In Matthew 4, two stories are juxtaposed (4:12-17 and 4:18-22) that show us one of the goals in Jesus’ earthly ministry: he intended to raise up a new Israel.
Old Israel consisted of 12 tribes, so Jesus chose 12 disciples. He began his selection in Matthew 4. The location was significant too: “territory of Zebulun and Naphtali” (4:13). Those names came from two of the 12 tribes.
Then, “While walking by the Sea of Galilee, he saw two brothers, Simon (who is called Peter) and Andrew his brother . . . And he said to them, ‘Follow me, and I will make you fishers of men’ ” (Matt 4:18-19). After leaving there “he saw two brothers, James the son of Zebedee and John his brother . . . and he called them” (4:21).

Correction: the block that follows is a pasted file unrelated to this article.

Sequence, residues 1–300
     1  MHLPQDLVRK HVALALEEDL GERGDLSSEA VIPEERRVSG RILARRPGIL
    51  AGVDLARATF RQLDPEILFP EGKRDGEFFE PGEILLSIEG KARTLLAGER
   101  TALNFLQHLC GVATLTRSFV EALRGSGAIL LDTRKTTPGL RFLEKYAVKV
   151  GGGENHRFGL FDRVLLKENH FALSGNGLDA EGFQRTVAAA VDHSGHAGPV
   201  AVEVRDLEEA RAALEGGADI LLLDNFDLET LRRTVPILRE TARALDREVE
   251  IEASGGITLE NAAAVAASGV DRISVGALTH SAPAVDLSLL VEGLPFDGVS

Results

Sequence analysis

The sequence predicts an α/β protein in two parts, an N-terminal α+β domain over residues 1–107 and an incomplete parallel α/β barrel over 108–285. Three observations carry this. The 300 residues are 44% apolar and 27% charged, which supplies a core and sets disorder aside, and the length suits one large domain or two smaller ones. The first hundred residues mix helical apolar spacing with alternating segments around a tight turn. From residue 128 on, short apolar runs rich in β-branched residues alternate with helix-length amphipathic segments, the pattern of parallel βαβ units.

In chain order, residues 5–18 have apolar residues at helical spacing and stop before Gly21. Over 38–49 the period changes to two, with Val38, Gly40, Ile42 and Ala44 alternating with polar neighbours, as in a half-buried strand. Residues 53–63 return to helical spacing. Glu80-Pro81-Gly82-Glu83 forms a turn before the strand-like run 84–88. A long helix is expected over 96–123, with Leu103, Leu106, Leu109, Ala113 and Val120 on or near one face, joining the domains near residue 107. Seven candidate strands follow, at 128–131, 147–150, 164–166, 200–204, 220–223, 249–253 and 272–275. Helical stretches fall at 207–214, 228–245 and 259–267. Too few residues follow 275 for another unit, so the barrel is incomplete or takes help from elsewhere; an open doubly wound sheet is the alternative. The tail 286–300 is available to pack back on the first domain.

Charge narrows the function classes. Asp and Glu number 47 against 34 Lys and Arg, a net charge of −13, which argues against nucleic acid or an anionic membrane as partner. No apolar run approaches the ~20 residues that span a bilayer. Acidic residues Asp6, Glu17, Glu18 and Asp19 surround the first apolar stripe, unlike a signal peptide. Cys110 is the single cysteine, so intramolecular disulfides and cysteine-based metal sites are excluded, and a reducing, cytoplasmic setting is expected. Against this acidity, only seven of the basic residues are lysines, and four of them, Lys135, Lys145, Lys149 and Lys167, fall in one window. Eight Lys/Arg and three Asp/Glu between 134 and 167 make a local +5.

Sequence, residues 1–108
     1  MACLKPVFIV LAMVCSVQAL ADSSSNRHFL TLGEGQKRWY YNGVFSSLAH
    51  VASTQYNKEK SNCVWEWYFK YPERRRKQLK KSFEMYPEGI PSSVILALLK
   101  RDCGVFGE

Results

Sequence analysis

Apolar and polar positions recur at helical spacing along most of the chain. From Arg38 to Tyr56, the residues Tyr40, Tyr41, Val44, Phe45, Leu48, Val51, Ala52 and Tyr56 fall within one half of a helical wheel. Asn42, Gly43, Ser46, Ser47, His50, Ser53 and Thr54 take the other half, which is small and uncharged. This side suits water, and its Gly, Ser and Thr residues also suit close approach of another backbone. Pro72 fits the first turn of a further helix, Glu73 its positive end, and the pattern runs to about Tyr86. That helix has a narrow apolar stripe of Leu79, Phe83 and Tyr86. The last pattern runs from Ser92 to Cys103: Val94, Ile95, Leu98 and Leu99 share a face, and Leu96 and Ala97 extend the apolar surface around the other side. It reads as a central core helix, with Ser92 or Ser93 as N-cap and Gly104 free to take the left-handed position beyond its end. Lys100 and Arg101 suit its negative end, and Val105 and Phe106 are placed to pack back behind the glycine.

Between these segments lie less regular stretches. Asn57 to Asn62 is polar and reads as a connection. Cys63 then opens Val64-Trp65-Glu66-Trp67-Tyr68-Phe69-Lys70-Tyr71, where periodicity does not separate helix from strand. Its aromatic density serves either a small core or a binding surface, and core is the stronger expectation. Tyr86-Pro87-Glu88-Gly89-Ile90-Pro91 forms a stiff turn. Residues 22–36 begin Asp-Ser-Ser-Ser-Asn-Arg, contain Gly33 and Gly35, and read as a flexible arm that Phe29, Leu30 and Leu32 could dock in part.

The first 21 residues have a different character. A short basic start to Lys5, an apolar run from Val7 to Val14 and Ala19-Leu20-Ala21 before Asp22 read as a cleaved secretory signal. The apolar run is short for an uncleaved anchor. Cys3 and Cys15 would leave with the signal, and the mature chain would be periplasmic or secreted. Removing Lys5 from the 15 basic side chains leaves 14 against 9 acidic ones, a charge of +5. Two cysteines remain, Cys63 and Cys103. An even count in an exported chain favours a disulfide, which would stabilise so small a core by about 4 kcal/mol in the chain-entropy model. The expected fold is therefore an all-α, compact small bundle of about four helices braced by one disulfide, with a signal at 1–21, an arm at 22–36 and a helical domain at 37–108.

What is Jesus doing in Matthew 4? Launching his public ministry. Part of this launch will mean beginning a new Israel, so in land tied to the history of the old Israel he summons fishermen. These men will be part of the crew who serve as a new community, a group of disciples, a New Twelve.
In the land of Zebulun and Naphtali, Jesus calls out Simon, Andrew, James, and John. In the soil of the old Israel, he begins to summon the new.